Late Monday, AMD announced an executive shakeup and the creation of a new centralized engineering organization. “We are accelerating AMD’s transformation, reshaping the organization and bolstering our management team to lead in our x86 microprocessor and graphics businesses,” said Dirk Meyer, AMD president and COO.
In fact, Mario Rivas, formerly executive VP of the Computing Solutions Group, and Michel Cadieux, formerly senior VP and chief talent officer, were accelerated right out of their jobs. Whether they left willingly is a matter of speculation. Rivas, in particular, might have been forced to walk the plank because of the Barcelona launch fiasco. To replace Cadieux, AMD promoted Allen Sockwell. According to the company, both Cadieux and Rivas resigned to “pursue other opportunities.”
The fact is the struggling chipmaker has been hemorrhaging execs for almost a year. Dave Orton, head of AMD’s graphics unit, left in July 2007; Henri Richard, head of sales, resigned a couple of months later in September; and CTO Phil Hester quit the company just last month.
Meanwhile Randy Allen, formerly head of the workstation and server group, will replace Rivas as the senior VP of the Computing Solutions Group. In his new role, Allen will report directly to Dirk Meyer and will be responsible for the development of the company’s microprocessors and chipset platforms. The twenty-four year AMD veteran was part of the microprocessor engineering group that introduced the original Opteron and Athlon 64 processors.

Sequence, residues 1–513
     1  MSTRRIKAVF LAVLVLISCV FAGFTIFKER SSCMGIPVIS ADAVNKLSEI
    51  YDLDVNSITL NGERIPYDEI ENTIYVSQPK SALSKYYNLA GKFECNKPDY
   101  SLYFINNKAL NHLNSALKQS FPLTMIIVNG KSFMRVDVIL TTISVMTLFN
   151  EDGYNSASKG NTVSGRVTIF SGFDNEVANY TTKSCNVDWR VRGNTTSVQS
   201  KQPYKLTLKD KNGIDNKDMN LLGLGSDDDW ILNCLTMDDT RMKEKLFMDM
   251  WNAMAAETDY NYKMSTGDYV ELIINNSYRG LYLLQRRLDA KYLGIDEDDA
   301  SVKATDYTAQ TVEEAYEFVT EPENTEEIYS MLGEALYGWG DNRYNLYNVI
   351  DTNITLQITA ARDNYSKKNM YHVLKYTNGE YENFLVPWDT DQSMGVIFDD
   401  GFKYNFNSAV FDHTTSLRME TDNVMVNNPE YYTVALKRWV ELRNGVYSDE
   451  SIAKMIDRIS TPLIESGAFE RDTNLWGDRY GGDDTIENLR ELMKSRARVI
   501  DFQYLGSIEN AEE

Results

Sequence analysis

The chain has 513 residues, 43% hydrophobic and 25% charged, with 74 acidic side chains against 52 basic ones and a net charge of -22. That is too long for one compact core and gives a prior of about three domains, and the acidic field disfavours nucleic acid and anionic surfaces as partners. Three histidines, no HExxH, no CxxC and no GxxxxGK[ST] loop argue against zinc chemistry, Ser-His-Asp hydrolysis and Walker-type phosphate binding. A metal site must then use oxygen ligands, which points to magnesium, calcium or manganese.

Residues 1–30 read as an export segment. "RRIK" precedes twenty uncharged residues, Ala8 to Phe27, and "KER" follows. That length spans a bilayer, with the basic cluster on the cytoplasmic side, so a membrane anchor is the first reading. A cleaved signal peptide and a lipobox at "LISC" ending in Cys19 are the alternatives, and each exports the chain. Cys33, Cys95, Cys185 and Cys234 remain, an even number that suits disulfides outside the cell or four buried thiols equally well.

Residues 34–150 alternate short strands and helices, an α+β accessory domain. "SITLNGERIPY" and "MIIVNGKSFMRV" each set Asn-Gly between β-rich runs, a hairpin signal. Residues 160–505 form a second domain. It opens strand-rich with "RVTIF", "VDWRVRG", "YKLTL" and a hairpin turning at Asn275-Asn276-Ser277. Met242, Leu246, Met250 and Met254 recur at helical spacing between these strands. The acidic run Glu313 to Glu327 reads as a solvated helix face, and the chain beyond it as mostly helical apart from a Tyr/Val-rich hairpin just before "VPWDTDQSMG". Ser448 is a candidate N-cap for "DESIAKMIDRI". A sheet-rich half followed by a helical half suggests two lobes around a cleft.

The new Central Engineering organization will be run by Chekib Akrout and Jeff VerHeul. Akrout is a new hire from Freescale, while VerHeul is being shifted from his spot as VP of design engineering at AMD. The new engineering team will consolidate the development of AMD’s technology and product roadmaps and will report directly to Dirk Meyer.
The reorg is inline with previously announced layoffs totaling 1,600 workers — about 10 percent of the workforce — scheduled to be completed by the end of the third quarter. Whether any of this helps AMD get back to profitability remains to be seen, but after suffering financial losses totaling $4.3 billion over the past six quarters, there was bound to be some bloodletting.